Science Fair Projects: Physics


In the early days of science, it was generally accepted that heavier objects fell faster than light objects. In fact, Aristotle, a famous scientist during the fourth century B.C., tried to come up with a mathematical relationship between the weight of the object and how fast it fell. Nearly 2,000 years later, Galileo didn't think that was right. He tested several objects, without the technology we now have, and decided that it was the air that made certain objects fall more slowly than others, not their weight. What do you think?


Why do some objects fall faster than others?


In this experiment you'll be testing several objects to see what features determine how fast they fall. You'll be picking heavy and light objects, large and small objects, solid and hollow objects, and you'll drop them all. You will then be able to scientifically determine what makes one object fall faster than another.


Long ago, people generally believed that the heavier something was, the faster it would fall through the air. The person most famous for holding this belief was named Aristotle. Today, we have plenty of examples that back that claim up. For example, if you were in a helicopter and you dropped a Ping-Pong ball and a bowling ball out of the door at the same time, the bowling ball would hit the ground first. But since Ping-Pong balls and bowling balls aren't the same size, try another example. Drop a Ping-Pong ball and a golf ball and the Ping-Pong ball still loses. So what's the big deal?

In the 1500s, a man named Galileo tried to show that it really didn't matter how much an object weighed — that it would usually fall at the same speed as any other object, as long as you didn't have to take air into account. You've already looked at a few experiments about air and there are more to come, but for now, think about the effect air has on a falling object.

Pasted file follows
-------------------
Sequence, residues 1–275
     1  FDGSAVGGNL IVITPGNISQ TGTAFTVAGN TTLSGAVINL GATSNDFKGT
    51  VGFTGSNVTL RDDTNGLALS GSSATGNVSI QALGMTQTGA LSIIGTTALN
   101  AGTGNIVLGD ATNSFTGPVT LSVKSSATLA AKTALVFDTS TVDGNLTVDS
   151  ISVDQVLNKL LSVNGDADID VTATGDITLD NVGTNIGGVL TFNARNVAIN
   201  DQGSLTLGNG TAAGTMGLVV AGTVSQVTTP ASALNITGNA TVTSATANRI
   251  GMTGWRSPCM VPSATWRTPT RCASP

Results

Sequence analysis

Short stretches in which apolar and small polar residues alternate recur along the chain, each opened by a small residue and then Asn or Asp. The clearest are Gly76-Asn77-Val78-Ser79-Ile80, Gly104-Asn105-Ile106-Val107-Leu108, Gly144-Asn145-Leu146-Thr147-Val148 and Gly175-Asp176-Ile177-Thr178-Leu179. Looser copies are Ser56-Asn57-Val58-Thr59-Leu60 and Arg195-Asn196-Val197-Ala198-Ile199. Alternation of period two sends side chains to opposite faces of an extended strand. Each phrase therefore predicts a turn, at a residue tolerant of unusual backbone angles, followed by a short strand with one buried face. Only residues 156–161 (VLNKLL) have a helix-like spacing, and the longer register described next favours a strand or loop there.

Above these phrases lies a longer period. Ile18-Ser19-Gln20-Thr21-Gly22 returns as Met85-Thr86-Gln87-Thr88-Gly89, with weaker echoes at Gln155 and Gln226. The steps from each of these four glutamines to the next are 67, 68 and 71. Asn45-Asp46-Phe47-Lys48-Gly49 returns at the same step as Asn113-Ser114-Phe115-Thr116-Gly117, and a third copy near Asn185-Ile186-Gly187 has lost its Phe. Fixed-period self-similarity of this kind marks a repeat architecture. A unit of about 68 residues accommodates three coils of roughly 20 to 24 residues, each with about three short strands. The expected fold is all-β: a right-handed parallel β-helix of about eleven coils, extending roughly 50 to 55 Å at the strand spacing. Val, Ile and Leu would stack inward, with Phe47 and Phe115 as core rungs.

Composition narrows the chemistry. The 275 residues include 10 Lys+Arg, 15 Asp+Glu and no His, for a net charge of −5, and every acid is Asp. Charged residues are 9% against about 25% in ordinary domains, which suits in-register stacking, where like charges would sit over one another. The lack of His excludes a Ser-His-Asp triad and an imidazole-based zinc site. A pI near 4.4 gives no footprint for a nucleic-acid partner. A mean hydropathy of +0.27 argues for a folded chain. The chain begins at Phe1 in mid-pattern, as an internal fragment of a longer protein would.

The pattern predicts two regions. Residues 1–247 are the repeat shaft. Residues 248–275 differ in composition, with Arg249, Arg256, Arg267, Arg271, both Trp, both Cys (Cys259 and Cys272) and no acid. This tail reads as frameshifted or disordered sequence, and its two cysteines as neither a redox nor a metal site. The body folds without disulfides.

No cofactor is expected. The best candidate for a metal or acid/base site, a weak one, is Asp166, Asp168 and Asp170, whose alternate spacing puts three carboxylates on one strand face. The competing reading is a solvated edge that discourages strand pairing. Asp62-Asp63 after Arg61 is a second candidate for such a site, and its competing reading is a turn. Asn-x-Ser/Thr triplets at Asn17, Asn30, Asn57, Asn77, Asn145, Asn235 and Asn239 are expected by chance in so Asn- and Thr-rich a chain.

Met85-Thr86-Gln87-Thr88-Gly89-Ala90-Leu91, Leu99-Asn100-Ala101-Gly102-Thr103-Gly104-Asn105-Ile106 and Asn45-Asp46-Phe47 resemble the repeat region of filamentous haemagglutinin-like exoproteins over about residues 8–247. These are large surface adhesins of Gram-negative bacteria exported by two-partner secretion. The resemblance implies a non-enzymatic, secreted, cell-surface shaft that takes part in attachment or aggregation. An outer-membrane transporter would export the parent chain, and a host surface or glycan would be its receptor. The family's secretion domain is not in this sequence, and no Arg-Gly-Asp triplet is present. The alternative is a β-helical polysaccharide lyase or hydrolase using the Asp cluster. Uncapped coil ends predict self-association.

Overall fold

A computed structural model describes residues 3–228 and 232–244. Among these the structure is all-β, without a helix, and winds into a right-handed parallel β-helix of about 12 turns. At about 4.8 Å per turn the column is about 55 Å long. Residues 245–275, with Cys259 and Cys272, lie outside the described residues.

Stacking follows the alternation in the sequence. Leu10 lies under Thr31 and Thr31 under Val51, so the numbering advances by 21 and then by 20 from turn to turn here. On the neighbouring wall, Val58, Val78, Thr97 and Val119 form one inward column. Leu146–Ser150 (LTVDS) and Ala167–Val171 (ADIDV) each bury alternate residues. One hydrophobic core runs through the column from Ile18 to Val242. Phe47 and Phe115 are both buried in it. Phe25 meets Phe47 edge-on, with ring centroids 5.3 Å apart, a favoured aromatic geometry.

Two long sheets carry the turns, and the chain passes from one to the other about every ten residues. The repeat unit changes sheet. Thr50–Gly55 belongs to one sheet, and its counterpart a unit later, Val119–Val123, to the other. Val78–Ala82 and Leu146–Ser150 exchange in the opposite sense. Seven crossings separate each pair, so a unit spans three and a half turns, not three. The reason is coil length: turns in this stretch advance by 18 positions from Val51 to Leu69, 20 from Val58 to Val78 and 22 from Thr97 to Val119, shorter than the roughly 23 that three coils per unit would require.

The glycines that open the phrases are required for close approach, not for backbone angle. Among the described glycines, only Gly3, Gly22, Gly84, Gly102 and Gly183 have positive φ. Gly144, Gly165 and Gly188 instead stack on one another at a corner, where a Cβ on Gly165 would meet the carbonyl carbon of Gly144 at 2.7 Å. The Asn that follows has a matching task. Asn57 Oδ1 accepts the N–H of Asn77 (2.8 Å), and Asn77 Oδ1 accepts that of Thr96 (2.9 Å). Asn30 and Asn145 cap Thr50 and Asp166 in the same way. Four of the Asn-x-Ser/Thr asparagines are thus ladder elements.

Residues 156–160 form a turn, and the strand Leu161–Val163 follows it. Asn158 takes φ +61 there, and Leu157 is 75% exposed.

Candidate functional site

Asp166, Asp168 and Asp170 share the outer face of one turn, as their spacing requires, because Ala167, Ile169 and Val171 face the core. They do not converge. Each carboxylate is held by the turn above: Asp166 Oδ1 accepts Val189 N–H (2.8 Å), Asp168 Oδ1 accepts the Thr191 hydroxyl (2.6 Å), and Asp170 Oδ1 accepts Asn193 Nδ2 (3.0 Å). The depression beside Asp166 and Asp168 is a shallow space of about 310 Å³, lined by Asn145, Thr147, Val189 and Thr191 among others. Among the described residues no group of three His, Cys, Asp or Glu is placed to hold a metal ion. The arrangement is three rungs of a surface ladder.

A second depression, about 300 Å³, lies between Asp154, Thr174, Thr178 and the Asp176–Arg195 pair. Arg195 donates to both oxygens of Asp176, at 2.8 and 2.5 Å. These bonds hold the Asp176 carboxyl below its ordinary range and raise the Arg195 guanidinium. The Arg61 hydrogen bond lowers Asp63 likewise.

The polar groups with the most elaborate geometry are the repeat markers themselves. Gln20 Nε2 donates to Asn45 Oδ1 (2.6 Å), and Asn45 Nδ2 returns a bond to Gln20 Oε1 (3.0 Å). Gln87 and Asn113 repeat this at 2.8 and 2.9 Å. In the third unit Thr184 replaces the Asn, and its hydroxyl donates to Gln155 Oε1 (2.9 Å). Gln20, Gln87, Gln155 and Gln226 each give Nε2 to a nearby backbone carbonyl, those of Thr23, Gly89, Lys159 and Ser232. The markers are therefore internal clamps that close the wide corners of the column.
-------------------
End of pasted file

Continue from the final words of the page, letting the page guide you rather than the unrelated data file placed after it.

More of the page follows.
When you run down the street or open the window in your car, you feel the wind. If it's strong enough, it can make it hard to walk or run. Now imagine that you are falling through the air. The faster you go, the windier it feels and the harder it becomes to move. A heavier person wouldn't be affected as much as a light person would be. That is the idea of air resistance, and you'll explore it in this experiment.


1 object you would call “light” — e.g., feather

1 object you would call “heavy” — e.g., rock

1 object you would call “small” — e.g., plastic figurine

1 object you would call “large” — e.g., basketball

1 object you would call “solid” — e.g., croquet ball

1 object you would call “hollow” — e.g., Wiffle ball

4 other objects of your choice

1 sheet of paper

1 writing utensil

A platform or raised place from which you can drop these items. (The higher you can climb the better, but you must be sure that the area below is open and free of people. Dropping objects can be very dangerous.)

A partner who can tell you which object lands first


You will be recording results from each test. An example is shown below:

Test: Light (object name, e.g., feather) vs. Heavy (object name, e.g., rock)

Light object (feather) — small, white, weighs almost nothing, about 3 inches long, not solid

Heavy object (rock) — medium sized, brown and black, weighs about the same as a baseball, about 3 inches in diameter, round, solid

Winner: The rock

  • In order, test the following pairs and record your results:

    Light — heavy

    Small — large

    Solid — hollow

    Other pairings from your collection of objects

  • When you have finished testing, look at the results and determine the factors that made objects fall the fastest.


  • Of your entire collection, which object fell the fastest?

  • Which characteristics of this object made it fall fast?

  • Which characteristics had no effect on how fast it fell?

  • Which object fell the slowest?

  • Which pairing showed the most significant differences in how fast the objects fell?

  • What could you do to eliminate air from this experiment so you could test Galileo's claim?


The shape of the object is a very important factor in how fast it falls. It's true that weight matters too — really light objects fall slowly no matter how they are shaped because once they start hitting the air, they immediately slow down. But the heavier the object, the more its shape matters. A simple test to verify this result is to drop a single sheet of notebook paper at the same time you drop a crumpled up piece of the same paper. Try it and you'll see the difference shape makes.

Modern science has shown us that if we take away air, objects will fall at the same speed no matter how big or small they are and no matter what shape they are. When the astronauts went to the moon, they dropped a feather and a hammer to see which would fall faster. On the moon, there is no air. (Astronauts wear special suits to help them breathe.) Can you guess what happened? The feather and hammer landed at the same time.

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